Beyonce’s ‘Formation’ video sends inspiring message

Laura Irwin

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Beyonce’s newest music video, “Formation,” has sparked more controversy throughout the internet than the infamous black-blue/gold-white dress meme. Many people are baffled by Beyonce’s subtle socio-political statements within the lyrics, as well as her Black Panther-inspired performance during the Super Bowl Halftime Show.

 With the rising popularity of the Black Lives Matter movement, Queen Bey’s arguably political video simply serves to fuel more conversation and debate surrounding topics such as police aggression, black female empowerment and the often forgotten “Black South.”

 But where does Beyonce herself stand with these topics? What does she reveal exactly and what does she believe? Is she anti-police? Pro-activism? Genius?

 Personally, after a close, careful examination into the meaning of the lyrics and videography of “Formation,” I’d have to say she’s quite genius. Instead of providing a public statement or address that explicitly announces her position on any matter, Beyonce uses her music and work as tools to speak for her, compelling her audience to think more deeply into the meaning behind the catchy, repetitive lyrics and awesome dance moves.

 When people first watch the video and see the sinking police car and the little boy dancing in front of the police, they could easily interpret these scenes to be extreme statements of disrespect towards police. This, combined with Beyonce’s Black Panther performance during the Super Bowl and the fact that Beyonce released the video on Trayvon Martin’s birthday, also leads audiences to assume that the Queen has a radical, pro-black message to express.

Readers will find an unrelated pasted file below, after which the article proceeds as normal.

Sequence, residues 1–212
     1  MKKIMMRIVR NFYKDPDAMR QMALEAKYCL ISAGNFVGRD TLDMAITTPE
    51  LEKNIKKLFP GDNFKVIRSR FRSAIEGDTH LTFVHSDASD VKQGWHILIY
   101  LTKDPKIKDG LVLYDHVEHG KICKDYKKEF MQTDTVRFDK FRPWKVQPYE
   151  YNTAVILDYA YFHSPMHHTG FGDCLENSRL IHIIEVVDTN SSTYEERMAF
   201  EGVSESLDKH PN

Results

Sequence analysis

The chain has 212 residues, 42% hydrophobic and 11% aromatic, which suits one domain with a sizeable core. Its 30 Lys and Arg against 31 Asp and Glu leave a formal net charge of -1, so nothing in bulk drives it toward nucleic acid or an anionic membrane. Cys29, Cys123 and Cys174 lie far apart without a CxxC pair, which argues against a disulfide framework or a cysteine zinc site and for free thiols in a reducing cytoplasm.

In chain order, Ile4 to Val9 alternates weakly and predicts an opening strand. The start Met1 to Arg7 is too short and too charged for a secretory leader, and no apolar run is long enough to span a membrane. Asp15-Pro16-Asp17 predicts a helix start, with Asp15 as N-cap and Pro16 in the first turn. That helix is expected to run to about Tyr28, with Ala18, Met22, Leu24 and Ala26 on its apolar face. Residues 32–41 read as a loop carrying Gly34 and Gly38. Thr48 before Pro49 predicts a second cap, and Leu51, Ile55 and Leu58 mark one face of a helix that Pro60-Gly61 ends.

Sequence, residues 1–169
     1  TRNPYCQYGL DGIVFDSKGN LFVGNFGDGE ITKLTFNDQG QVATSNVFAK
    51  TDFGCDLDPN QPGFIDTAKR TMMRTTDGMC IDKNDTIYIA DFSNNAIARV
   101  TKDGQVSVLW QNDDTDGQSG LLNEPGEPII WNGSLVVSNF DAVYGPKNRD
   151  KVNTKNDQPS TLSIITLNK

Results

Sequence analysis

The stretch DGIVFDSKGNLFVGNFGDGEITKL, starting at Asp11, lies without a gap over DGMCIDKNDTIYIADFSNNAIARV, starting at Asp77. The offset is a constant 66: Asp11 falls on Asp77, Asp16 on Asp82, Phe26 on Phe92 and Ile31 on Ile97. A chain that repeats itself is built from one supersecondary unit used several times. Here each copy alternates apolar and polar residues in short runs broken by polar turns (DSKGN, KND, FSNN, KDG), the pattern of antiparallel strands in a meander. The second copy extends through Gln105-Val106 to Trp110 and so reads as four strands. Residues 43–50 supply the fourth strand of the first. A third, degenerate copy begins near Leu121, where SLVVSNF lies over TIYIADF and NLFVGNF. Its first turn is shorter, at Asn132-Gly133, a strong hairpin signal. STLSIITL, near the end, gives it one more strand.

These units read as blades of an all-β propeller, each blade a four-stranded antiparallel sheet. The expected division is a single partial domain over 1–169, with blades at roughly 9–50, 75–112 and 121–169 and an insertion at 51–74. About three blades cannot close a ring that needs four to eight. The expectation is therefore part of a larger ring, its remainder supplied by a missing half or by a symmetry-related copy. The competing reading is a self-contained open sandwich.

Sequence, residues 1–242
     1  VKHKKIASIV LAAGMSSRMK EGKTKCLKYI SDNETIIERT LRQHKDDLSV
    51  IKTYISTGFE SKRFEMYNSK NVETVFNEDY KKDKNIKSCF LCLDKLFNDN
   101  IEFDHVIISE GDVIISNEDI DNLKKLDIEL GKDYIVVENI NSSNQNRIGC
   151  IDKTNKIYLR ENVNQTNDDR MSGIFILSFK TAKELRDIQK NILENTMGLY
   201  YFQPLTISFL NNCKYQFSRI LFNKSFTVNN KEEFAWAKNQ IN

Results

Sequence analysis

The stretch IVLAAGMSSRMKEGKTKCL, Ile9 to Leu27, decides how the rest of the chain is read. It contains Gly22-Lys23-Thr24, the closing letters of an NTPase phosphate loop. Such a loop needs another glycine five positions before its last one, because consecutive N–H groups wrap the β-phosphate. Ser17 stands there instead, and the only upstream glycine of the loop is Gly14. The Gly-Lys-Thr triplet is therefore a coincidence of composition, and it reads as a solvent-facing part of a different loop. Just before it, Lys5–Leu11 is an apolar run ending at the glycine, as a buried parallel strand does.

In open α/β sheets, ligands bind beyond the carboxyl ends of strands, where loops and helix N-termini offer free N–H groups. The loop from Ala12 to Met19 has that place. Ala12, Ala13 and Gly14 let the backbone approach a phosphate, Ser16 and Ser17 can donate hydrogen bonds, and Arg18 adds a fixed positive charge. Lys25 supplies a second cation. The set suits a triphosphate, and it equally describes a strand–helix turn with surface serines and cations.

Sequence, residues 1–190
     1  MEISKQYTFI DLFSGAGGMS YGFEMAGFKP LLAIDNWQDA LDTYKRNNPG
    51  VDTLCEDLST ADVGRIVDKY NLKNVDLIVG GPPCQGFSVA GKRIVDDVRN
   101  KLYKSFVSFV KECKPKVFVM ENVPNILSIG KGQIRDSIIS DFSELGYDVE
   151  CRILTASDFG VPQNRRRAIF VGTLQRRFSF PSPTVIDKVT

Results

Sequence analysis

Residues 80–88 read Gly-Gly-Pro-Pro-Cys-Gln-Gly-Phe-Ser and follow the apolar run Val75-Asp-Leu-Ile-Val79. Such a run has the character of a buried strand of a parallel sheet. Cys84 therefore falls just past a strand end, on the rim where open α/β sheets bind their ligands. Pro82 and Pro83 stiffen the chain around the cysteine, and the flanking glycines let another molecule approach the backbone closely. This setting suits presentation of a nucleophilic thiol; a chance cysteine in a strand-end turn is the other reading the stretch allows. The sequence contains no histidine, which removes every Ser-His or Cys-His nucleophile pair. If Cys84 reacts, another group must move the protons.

Such subtly aggressive arrangements that always seem to emphasize black power and placing black people at the top of the food chain are what confuse people who look for superficial meaning. These scenes are only the tip of a large and intricate iceberg that Beyonce creates.

 People need to put their opinions and interpretations aside for just a moment in order to actually see just how revolutionary this performance is. In this day and age, what pop singer has the power to spark so much conversation without spelling it out on a tweet or post?

 Beyonce is unique in her delivery because she doesn’t just give another platform for black people to complain about their current status; she gives an opportunity to reach out and empower young black people, women especially, to see that the seeds sown in oppression have the capacity to grow into beautiful, strong flowers.

 By constantly emphasizing the Black South and creating scenes that alternate settings between the 19th century and post-Hurricane Katrina New Orleans, Beyonce makes parallels between historic and modern oppression.

 Yet she takes special care to display how such oppression can be overcome. When she wears 19th century clothing traditionally worn by plantation owners’ wives, she turns history on its head, essentially showing the capacity of young black women to rise to the top of their social class despite a tortured heritage.

 Additionally, when Beyonce places her black dancers in the neglected parking lots of post-hurricane New Orleans and says “let’s get in formation,” she makes another genius stride, showing that no matter how dire the circumstances may be, if you shape up and “squad up” you can do anything.

Beyonce’s message extends far beyond what people want it to mean on the surface. She isn’t looking to be another voice of complaint or anger. Instead, she sends a message of inspiration, conveying that no matter how much suffering black people undergo, they will always have the capacity to unite and make a difference.